Binomial Random Variables Question

• December 9th 2012, 01:52 PM
asilvester635
Binomial Random Variables Question
According to the Mars candy company, 20% of its plainM&M's candies are orange. Assume that the company'sclaim is true. Suppose that you reach into a large bag ofplain M&M's (without looking) and pull out 8 candies. LetX = the number of orange candies you get.

(a) Is the number of orange candies you get independent? (i think its not because what ever you pick on the first try will affect the result of your second pick)

(b) Find and interpret the expected value of X.
(c) Find and interpret the standard deviation ofX.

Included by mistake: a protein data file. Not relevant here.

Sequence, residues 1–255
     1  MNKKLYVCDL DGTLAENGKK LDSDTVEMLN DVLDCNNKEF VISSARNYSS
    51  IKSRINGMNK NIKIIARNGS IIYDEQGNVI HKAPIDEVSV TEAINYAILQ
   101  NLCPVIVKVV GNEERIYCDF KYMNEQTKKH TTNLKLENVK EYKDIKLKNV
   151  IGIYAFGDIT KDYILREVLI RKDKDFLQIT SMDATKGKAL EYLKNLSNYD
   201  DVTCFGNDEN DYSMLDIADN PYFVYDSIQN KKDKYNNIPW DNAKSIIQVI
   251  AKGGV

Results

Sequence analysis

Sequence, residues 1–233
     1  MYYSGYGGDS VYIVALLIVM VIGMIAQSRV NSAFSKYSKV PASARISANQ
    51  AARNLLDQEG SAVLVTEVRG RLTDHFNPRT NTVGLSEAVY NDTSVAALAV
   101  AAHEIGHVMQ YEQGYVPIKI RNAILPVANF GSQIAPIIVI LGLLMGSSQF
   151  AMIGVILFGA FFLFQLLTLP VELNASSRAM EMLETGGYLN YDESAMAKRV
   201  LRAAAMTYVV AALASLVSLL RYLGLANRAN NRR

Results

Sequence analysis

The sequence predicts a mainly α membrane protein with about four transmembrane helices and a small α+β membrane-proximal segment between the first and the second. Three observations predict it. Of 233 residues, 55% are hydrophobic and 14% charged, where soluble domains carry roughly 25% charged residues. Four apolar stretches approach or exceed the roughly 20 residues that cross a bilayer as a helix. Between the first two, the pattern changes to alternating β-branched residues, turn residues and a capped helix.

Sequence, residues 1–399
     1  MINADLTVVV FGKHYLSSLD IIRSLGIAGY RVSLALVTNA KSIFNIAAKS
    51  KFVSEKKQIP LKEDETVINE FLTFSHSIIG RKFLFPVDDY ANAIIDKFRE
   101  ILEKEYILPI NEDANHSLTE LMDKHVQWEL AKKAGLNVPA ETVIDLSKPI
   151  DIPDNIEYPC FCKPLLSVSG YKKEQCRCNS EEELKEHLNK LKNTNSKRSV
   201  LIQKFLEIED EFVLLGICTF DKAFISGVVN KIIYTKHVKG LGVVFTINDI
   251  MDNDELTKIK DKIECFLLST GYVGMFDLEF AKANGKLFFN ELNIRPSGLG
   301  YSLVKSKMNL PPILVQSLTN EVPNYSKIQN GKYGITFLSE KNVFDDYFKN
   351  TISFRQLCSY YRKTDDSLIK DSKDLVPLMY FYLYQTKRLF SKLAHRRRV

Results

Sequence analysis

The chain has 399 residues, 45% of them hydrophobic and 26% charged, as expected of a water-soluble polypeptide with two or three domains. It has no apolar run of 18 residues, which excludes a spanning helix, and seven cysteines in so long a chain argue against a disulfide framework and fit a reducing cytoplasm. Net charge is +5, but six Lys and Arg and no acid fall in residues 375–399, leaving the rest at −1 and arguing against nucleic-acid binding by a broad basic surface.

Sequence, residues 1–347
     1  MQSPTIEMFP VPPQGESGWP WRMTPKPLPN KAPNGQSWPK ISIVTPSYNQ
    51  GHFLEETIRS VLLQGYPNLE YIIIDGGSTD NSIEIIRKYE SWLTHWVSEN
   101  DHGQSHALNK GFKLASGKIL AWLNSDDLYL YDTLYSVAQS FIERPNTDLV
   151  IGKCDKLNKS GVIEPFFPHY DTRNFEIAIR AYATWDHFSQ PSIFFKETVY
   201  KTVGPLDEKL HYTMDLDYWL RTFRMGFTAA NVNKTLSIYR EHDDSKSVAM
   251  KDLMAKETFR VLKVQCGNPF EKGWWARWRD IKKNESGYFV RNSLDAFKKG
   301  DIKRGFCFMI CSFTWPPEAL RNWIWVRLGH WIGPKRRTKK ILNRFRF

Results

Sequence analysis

Idk what to put for B and C
• December 9th 2012, 03:05 PM
Plato
Re: Binomial Random Variables Question
Quote:

Originally Posted by asilvester635
According to the Mars candy company, 20% of its plainM&M's candies are orange. Assume that the company'sclaim is true. Suppose that you reach into a large bag ofplain M&M's (without looking) and pull out 8 candies. LetX = the number of orange candies you get.
(a) Is the number of orange candies you get independent? (i think its not because what ever you pick on the first try will affect the result of your second pick)

(b) Find and interpret the expected value of X.
(c) Find and interpret the standard deviation ofX.

Idk what to put for B and C

The answers depend upon what one means by large bag
You may want to review the LAW of LARGE NUMBERS.

In general, for ordinary binomial distribution:
$\mu=np~\&~\sigma=\sqrt{np(1-p)}$